By Anu Sahota
In December 1961, the weekly, half-hour arts and culture magazine Lively Arts aired a feature on West Coast painters Jack Shadbolt, E.J. Hughes, B.C. Binning, Gordon Smith and Takao Tanabe. The program explored the influence of British Columbia's physical environment and natural forms on their work. Tanabe was born in 1926 in Seal Cove (now part of Prince Rupert), British Columbia. During the Second World War, he was interned in the interior of the province with fellow Japanese-Canadians.
A student of abstract expressionism in his early years, Tanabe soon began to recognize the hard-edged aspects of his surrounding seas and skies. His canvasses so vividly capture the buttermilk tones and brooding horizons of their settings - whether it be the Prairies or the Cariboo - there can be little doubt the artist is married to Canadian environments.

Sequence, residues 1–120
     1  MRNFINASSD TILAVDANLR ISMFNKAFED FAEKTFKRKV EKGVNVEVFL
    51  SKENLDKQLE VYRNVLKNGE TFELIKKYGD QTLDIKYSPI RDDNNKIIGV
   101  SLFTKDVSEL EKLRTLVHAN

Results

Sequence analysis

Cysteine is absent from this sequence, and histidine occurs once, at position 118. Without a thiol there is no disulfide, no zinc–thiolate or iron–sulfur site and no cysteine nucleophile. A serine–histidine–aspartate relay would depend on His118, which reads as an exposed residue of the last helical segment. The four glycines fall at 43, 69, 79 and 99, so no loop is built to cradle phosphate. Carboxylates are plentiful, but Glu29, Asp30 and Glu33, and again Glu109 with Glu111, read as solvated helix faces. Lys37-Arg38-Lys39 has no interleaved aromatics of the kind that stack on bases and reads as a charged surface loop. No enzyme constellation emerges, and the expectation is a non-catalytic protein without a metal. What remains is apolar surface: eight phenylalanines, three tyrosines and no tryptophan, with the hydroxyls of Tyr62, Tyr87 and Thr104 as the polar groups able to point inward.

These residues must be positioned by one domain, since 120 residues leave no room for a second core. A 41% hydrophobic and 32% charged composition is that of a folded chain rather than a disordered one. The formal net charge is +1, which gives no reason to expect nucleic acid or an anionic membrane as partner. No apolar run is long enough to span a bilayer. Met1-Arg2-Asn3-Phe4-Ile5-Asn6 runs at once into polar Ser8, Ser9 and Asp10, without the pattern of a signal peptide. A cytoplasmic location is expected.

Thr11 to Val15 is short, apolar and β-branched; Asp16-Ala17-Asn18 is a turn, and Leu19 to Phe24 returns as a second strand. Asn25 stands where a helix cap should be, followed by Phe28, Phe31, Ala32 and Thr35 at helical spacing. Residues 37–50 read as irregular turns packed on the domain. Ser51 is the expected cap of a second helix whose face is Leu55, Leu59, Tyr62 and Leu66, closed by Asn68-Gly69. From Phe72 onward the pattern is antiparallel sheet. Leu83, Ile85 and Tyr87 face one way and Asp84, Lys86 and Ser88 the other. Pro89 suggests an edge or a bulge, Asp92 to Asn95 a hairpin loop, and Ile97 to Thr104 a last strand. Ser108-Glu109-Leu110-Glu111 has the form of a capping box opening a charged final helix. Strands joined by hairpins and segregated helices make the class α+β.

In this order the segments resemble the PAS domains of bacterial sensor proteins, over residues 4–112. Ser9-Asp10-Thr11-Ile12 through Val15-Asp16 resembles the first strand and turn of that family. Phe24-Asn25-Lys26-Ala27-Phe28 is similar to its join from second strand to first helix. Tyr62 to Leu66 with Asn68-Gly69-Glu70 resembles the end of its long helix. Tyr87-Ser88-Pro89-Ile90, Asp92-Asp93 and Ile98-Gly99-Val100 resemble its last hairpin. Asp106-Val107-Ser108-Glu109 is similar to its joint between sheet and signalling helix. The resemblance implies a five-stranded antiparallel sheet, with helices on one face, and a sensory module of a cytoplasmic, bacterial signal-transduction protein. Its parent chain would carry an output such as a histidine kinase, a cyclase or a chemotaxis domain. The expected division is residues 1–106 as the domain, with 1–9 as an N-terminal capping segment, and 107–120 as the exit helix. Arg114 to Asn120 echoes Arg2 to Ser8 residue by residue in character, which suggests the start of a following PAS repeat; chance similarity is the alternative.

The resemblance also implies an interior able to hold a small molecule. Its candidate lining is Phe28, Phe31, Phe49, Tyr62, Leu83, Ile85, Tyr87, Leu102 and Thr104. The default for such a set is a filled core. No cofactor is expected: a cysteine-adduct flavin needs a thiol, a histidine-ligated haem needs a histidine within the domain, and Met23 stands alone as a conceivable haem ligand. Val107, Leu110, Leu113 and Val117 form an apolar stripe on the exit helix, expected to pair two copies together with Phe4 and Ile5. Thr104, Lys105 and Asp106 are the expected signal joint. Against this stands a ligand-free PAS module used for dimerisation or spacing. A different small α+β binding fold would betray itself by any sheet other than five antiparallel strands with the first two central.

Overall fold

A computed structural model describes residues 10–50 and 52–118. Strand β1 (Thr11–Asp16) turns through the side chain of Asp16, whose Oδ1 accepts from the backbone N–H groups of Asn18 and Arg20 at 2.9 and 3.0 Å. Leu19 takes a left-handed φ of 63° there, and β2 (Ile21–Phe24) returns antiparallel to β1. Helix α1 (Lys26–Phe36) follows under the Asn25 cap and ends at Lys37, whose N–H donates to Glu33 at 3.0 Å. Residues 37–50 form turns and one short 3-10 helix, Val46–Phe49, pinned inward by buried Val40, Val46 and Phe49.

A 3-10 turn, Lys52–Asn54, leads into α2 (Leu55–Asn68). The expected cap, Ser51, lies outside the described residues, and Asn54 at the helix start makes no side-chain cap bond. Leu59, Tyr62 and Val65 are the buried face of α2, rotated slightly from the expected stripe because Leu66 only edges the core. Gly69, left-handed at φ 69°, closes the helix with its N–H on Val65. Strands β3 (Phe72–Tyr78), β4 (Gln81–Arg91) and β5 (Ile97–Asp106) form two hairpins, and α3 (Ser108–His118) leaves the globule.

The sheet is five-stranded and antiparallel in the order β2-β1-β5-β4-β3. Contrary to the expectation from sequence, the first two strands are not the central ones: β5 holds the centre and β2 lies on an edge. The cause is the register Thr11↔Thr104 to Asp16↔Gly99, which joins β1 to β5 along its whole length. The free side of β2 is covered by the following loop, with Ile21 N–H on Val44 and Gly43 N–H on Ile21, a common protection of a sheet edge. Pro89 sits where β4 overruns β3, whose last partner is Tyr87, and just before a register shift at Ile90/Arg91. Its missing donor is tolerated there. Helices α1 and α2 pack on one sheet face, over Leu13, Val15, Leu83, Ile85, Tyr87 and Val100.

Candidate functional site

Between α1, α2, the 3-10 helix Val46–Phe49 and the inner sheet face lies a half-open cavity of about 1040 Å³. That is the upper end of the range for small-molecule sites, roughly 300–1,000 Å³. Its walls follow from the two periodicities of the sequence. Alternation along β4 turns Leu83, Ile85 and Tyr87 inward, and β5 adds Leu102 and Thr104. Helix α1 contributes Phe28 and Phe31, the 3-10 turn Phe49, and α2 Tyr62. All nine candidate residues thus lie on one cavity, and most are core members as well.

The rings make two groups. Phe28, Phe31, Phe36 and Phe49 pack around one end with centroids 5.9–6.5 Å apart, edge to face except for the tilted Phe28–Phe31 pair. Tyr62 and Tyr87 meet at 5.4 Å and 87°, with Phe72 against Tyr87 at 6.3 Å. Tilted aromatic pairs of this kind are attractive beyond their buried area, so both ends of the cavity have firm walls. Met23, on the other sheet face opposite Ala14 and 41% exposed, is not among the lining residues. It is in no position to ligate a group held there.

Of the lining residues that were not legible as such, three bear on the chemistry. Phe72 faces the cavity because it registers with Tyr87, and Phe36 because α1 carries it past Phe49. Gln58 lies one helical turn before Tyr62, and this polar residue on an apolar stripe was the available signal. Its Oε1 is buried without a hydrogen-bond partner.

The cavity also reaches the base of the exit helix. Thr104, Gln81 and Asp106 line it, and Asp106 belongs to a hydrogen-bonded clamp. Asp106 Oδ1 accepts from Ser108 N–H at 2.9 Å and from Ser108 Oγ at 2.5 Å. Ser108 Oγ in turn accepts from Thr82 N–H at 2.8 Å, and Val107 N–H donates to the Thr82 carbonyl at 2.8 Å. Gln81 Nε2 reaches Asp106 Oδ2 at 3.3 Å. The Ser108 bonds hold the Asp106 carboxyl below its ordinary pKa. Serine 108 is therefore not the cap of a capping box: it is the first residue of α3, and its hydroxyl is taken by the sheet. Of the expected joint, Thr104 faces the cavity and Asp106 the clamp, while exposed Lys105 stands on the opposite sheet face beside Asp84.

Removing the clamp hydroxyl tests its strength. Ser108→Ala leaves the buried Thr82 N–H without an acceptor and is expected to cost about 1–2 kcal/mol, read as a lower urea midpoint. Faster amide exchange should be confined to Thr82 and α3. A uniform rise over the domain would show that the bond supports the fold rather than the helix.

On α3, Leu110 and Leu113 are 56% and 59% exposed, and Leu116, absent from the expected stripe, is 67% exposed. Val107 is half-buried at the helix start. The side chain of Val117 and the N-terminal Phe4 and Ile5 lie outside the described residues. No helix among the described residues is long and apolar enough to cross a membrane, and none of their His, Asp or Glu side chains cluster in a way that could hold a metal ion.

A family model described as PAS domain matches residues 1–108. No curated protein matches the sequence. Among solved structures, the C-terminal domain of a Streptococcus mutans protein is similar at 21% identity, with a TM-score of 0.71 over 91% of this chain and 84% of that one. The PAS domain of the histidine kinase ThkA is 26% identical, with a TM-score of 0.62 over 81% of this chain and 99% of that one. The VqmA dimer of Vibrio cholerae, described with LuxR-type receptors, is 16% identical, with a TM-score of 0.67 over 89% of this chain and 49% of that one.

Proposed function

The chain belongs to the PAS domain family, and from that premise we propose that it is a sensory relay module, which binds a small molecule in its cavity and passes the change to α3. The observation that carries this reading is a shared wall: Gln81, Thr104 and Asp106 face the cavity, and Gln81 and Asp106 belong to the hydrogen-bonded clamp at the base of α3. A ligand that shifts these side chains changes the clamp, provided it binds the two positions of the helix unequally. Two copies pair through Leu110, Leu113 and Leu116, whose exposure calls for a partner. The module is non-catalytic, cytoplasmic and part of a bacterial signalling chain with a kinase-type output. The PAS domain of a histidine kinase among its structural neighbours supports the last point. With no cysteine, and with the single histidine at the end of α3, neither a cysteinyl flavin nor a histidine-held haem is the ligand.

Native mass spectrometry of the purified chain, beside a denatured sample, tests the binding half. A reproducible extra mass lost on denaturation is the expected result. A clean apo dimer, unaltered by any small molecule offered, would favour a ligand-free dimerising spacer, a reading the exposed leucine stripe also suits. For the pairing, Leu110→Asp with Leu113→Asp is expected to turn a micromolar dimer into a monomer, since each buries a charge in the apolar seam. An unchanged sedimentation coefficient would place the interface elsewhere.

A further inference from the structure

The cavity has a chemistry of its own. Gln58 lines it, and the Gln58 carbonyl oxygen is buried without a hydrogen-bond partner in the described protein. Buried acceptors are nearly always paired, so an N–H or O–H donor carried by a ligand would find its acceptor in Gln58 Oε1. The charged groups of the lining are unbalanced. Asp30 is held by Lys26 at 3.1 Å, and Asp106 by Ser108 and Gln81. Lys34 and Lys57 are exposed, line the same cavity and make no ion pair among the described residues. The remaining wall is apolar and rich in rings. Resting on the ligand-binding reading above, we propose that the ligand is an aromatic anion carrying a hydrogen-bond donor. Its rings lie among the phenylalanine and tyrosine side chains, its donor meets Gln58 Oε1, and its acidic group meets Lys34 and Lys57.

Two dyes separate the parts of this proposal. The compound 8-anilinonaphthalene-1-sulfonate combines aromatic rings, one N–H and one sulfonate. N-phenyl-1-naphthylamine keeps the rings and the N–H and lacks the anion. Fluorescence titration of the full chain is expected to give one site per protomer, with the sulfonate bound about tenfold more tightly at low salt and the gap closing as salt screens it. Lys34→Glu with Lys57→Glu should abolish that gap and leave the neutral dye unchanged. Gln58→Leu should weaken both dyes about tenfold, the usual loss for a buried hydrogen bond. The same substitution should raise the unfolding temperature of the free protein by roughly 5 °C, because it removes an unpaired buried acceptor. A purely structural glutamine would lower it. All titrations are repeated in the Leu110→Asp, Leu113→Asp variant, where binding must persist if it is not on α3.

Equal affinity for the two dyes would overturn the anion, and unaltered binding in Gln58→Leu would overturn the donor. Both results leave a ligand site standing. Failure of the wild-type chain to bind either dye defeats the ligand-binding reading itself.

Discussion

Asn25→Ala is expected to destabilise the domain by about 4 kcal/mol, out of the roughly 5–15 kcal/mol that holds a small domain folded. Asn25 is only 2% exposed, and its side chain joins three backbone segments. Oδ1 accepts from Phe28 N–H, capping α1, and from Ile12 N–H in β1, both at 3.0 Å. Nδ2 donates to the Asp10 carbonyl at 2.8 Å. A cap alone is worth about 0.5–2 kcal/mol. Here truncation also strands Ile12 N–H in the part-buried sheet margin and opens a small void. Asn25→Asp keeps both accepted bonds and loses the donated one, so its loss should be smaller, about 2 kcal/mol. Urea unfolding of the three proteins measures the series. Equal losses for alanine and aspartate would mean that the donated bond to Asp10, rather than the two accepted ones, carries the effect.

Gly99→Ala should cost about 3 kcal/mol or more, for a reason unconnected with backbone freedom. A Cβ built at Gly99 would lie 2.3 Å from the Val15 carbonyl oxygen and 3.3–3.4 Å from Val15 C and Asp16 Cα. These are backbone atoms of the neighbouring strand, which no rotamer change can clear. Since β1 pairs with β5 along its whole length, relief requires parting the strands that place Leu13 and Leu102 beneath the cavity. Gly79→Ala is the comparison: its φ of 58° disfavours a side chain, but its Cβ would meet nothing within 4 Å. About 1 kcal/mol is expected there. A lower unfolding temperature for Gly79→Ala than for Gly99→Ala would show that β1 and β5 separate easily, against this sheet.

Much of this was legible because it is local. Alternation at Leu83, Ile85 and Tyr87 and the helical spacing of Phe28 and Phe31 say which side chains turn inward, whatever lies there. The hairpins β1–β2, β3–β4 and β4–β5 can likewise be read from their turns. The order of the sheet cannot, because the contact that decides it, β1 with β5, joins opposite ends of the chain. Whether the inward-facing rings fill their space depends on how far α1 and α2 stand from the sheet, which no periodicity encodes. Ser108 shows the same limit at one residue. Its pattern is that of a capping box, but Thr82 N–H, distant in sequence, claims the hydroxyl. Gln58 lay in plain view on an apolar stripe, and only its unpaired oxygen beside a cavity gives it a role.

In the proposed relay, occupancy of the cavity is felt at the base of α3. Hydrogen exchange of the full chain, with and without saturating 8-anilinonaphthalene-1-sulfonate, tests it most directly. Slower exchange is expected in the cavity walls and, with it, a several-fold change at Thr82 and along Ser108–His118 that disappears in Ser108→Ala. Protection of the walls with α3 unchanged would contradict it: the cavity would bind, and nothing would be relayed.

And yet, unlike his contemporaries, Tanabe's heritage has routinely been invoked in discussions of his technique - an interpretation that Tanabe has long been underwhelmed by: "people say there is a Japanese influence in my work today but I don't believe it...I nod my head now because I'm too tired to argue, but I don't believe it." This question of whether there is an essentially Japanese aspect to his approach is one that Tanabe still dismisses. When I spoke to him earlier this week from his home on Vancouver Island, the 81-year old artist was amused that I had even considered him as a subject for Asian Heritage month. I dare say he bristled at the idea.
A more recent glimpse of Tanabe from 1996 features the artist at work in his Parksville studio. Also included is footage of an internment camp from the Slocan Valley where Tanabe was interned in 1942 (runs 1:34)